A record grape harvest is expected this year as wineries look to replace stock after high sales figures.
New Zealand Winegrowers chief executive Philip Gregan said the harvest would be about 310,000 tonnes, up from 266,000 last year.
Gregan had previously said a harvest of more than 300,000 tonnes would take the industry back to 2008, when a substantial rise created an oversupply that helped erode wine, grape and land prices.
However, sales this year were stronger than expected, and the harvest would not create the oversupply of 2008.
"We don't see that now," Gregan said. "Not given the sales performance we've seen in recent months."
Bottled wine exports were growing at 10 per cent annually and the performance in key markets was encouraging, he said.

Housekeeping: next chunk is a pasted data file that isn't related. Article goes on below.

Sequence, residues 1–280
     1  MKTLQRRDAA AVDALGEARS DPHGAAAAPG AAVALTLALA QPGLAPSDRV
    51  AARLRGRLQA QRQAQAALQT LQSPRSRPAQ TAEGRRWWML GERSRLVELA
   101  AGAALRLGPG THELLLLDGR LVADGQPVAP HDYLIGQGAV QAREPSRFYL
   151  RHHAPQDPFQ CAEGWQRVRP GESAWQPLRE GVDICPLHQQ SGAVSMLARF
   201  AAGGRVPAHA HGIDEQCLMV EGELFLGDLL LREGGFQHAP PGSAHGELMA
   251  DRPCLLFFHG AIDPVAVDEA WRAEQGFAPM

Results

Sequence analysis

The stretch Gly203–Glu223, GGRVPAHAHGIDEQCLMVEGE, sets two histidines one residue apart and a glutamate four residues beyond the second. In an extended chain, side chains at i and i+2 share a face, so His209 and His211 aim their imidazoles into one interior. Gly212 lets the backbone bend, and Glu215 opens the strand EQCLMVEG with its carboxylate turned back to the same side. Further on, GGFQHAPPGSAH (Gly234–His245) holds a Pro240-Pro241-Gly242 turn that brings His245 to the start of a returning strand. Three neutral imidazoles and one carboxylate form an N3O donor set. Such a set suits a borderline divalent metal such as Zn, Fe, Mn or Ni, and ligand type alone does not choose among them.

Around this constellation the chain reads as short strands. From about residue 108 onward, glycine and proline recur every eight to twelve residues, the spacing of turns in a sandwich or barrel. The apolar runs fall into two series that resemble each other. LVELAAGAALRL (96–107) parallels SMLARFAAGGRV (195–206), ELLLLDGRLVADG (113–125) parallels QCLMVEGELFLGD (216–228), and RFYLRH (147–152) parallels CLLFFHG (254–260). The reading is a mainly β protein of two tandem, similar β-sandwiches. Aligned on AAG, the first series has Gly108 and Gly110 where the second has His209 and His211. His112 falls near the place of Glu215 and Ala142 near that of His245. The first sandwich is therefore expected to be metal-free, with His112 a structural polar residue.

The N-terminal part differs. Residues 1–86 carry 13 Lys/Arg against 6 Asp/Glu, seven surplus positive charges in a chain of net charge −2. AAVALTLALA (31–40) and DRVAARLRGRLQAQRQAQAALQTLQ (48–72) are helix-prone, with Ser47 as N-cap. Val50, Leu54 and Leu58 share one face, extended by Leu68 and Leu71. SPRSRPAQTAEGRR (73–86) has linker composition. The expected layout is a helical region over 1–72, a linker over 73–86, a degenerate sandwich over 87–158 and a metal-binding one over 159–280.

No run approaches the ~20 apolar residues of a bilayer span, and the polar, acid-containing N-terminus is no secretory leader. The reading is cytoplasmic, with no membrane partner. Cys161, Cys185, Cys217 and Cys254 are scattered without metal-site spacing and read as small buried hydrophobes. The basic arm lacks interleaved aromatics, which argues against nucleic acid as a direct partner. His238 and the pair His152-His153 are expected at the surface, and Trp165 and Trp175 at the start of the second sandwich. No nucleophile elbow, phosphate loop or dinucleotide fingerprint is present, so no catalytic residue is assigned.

"We now estimate total sales for June year end 2011 will be 220 million litres compared to earlier forecasts of 205 million litres."
The higher sales forecast would exceed 2010 vintage production by 30 million litres, which meant lower stock levels for many wineries heading into this harvest, Gregan said.
Export sales for the year would be around $1.1 billion, plus $500 million from the domestic market.
"We've seen no vineyards planted last year, we're getting close to production capacity and we're seeing strong sales growth so we remain pretty confident. "
But the industry still faced challenges.
"As an industry we need to remain focused on recovery of winery and grower profitability as a prerequisite to sustainable growth."